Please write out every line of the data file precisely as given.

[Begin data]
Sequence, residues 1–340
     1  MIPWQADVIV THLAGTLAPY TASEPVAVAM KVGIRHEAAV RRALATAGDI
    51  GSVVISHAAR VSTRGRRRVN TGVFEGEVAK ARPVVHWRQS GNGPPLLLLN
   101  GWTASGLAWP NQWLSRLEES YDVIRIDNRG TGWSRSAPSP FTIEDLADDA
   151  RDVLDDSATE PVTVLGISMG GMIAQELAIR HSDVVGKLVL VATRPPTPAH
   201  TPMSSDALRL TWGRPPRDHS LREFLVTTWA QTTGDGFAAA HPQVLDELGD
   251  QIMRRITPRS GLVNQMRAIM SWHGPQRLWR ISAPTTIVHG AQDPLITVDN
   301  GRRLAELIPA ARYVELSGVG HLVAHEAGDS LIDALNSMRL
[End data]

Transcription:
Sequence, residues 1–340
     1  MIPWQADVIV THLAGTLAPY TASEPVAVAM KVGIRHEAAV RRALATAGDI
    51  GSVVISHAAR VSTRGRRRVN TGVFEGEVAK ARPVVHWRQS GNGPPLLLLN
   101  GWTASGLAWP NQWLSRLEES YDVIRIDNRG TGWSRSAPSP FTIEDLADDA
   151  RDVLDDSATE PVTVLGISMG GMIAQELAIR HSDVVGKLVL VATRPPTPAH
   201  TPMSSDALRL TWGRPPRDHS LREFLVTTWA QTTGDGFAAA HPQVLDELGD
   251  QIMRRITPRS GLVNQMRAIM SWHGPQRLWR ISAPTTIVHG AQDPLITVDN
   301  GRRLAELIPA ARYVELSGVG HLVAHEAGDS LIDALNSMRL